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A certain machine produces toy cars in an infinitely repeati [#permalink]
21 Feb 2018, 07:14
Question Stats:
33% (01:18) correct
66% (01:44) wrong based on 12 sessions
A certain machine produces toy cars in an infinitely repeating cycle of blue, red, green, yellow and black. If 6 consecutively produced cars are selected at random, what is the probability that 2 of the cars selected are red? A. \(\frac{1}{6}\) B. \(\frac{1}{5}\) C. \(\frac{1}{3}\) D. \(\frac{2}{5}\) E. \(\frac{1}{2}\) We need to find possible and desired outcomes. What are the possible outcomes here? Well, we're going to be randomly selecting 6 consecutively produced cars and we want to know what the probability is that 2 of those cars will be red. How many different groups of 6 consecutive cars are there? Well, we've got 5 colors, so any one of them could be the first in the string of 6 that we choose. That gives us 5 different strings of 6. So 5 is the number of possible outcomes here. What about desired outcomes?
We need to know how many of those 5 strings have 2 red cars. What does getting two red cars depend on? It depends on the color of the first car of the string of 6. For example, if blue is the first car of the string, then you'd get blue, red, green, yellow, black and then blue again.
So, the only way to get 2 red cars is if the first car of the string is red, because then we'd have red, green, yellow, black, blue and then red again as the sixth car. So 1 out of the 5 strings will contain 2 red cars, so that's a probability of 1/5
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Re: A certain machine produces toy cars in an infinitely repeati [#permalink]
21 Feb 2018, 10:34
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This problem is a disguised version of the following question: if you have pick any 6 consecutive integers, what are the odds that two of them are divisible by 5? It's good to know that every fifth integer is divisible by 5, every 7th divisible by 7, etc. Why is this so? If we're trying to find the odds that two are divisible by 5, we could select some groups of 6 integers and see what happens: 123456 234567 345678 456789 5678910 Notice every set of integers has one 5 in it, but in the last set, if we start with a 5, we'll end on a 10, giving us two integers divisible by 5. If we scoot one over again we'll lose the 5 and have a 10 in its place for the next 4 sets. Long story short, every fifth group has two numbers divisible by 5. Let's apply it to this problem: BRGYBB RGYBBR GYBBRG YBBRGY BBRGYB Since these are the only 5 ways you can select 6 cars in this order, and since only one has a red car twice, the answer is 1/5, or B.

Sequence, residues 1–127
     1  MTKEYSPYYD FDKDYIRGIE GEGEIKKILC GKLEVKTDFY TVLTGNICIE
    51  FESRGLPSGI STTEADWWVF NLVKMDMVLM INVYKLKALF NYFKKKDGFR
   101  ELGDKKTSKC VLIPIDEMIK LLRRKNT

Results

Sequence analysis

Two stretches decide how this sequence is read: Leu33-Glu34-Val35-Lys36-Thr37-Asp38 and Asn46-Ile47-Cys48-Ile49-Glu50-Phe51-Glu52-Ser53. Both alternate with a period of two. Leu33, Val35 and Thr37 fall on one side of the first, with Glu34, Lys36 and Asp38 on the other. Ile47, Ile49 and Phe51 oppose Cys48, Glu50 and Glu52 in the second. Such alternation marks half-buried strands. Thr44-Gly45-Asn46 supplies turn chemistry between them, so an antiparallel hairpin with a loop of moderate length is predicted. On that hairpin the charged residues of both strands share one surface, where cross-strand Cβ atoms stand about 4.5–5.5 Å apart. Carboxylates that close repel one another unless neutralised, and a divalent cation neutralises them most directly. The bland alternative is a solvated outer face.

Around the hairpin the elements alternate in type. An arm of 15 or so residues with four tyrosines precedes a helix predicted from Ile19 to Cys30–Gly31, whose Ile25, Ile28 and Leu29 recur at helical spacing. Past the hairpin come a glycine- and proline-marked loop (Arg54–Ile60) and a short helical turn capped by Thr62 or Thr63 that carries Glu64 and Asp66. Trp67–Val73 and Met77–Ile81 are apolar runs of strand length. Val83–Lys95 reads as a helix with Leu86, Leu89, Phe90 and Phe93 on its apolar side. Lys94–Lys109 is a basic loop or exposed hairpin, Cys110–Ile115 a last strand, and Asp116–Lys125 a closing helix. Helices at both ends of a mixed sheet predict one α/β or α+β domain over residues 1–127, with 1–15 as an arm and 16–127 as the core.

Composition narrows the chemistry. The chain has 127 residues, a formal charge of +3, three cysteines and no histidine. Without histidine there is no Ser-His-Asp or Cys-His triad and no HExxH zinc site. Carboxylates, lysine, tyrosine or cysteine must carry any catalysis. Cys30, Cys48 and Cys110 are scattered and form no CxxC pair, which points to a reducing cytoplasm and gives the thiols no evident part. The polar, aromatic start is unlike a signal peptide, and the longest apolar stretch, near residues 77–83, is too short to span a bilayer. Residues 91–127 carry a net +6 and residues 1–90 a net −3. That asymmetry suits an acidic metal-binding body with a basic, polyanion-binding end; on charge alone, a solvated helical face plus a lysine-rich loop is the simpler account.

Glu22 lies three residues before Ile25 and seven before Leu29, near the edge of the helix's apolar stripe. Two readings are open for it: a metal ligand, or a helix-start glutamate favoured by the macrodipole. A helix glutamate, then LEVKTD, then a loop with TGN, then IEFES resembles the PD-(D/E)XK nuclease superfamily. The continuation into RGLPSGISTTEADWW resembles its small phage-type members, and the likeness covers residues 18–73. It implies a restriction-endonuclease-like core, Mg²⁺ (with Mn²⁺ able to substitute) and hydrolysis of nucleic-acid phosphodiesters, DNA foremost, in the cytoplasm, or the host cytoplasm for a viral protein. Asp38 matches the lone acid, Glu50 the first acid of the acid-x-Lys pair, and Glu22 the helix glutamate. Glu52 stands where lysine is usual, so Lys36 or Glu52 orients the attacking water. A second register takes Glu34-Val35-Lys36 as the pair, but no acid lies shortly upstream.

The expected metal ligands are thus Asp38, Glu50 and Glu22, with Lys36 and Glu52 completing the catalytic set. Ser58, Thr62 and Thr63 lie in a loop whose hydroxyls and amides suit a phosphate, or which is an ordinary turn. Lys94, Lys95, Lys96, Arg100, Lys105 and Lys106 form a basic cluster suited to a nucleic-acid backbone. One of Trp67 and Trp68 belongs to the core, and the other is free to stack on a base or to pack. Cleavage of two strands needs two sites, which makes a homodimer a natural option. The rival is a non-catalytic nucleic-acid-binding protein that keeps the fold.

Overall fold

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Re: A certain machine produces toy cars in an infinitely repeati [#permalink]
19 Feb 2019, 06:17
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I found like this,
Cycle 1. blue, red, green, yellow and black Cycle 2. blue, red, green, yellow and black Cycle 3. blue, red, green, yellow and black and on and on....
So, every fifth car will be red.
blue, red, green, yellow and black are 5 cars. For selection for 6 cars set we need to consider two cycles at least.
Example: Blue to Blue will have 6 cars. Red to Red will have 6 cars and on and on....
blue, red, green, yellow, black, blue, red, green, yellow, black....
Now, we have 5 different cars getting produced in repeating cycle. Any time we pick 6 cars, for sure two cars with same color will be picked. As we have 5 different colors, chances for red to be picked is \(\frac{1}{5}\).
Ans. B




Re: A certain machine produces toy cars in an infinitely repeati
[#permalink]
19 Feb 2019, 06:17